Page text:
Ohio History Journal

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A Rebuttal to Mrs

A Rebuttal to Mrs. Trollope:

Harriet Martineau in Cincinnati






AMERICA WAS ACQUAINTED with Harriet Martineau be-

fore she arrived in this country. When she landed at New

York City in the fall of 1834, she was already a recognized

author, a writer of authority who was perhaps the most

influential woman in England. Her recently published Illus-

trations of Political Economy had demonstrated to Americans

that sympathy with the democratic ideal and concern for the

welfare of the masses were motivating forces in her life.

American theologians knew her as the prophetess of Unitari-

anism; abolitionists had seen in her "Demerara" a powerful

protest against slavery; statesmen had heard of her influence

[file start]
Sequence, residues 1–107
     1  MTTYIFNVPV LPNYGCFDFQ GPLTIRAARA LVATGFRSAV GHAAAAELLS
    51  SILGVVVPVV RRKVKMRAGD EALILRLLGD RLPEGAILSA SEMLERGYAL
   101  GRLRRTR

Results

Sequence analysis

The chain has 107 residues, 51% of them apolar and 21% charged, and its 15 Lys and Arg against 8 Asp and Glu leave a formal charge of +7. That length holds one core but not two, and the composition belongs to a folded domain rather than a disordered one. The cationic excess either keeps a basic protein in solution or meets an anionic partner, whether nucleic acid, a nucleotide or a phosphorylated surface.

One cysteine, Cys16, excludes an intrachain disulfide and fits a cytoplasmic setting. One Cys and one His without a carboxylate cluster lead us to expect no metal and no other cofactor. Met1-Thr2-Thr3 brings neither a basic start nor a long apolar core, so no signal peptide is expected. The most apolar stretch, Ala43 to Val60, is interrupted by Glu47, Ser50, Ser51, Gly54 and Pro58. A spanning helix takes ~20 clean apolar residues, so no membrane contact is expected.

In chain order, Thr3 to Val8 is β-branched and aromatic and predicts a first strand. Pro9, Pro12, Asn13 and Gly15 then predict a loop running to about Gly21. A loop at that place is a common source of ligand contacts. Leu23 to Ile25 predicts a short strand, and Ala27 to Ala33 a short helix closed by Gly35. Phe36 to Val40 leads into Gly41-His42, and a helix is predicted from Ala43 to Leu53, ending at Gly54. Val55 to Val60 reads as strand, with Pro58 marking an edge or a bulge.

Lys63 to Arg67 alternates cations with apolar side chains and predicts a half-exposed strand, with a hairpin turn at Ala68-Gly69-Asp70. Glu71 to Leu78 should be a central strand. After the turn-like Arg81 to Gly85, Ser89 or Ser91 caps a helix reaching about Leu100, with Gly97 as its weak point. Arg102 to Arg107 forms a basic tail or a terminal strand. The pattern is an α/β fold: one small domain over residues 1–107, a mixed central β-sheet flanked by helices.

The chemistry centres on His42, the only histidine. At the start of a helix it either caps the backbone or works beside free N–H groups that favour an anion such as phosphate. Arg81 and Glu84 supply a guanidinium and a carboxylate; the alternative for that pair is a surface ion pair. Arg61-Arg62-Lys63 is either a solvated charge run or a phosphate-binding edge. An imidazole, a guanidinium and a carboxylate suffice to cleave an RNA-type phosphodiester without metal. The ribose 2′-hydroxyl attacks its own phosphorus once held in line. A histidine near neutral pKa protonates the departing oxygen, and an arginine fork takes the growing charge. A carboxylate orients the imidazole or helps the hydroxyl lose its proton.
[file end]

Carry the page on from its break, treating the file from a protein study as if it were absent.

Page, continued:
with the great English leaders; literary men knew her as a

poetess, essayist, and writer of fiction; workmen had heard

of her as the champion of the common man. America was

delighted to entertain the visiting Englishwoman, and news-

papers heralded her arrival with unanimous enthusiasm. Sev-

eral went so far as to hope that Miss Martineau would cor-

rect misconceptions propagated by previous British visitors

by writing of her experiences in America.

Mrs. Trollope came to America in search of financial gain;

Thomas Hamilton arrived with the intention of noting the

failure of democracy in America. Harriet Martineau's mo-

tives were different from those of her predecessors: she

wanted to see America, and while she was traveling she pro-


* William R. Seat, Jr., is associate professor of English at Northern Illinois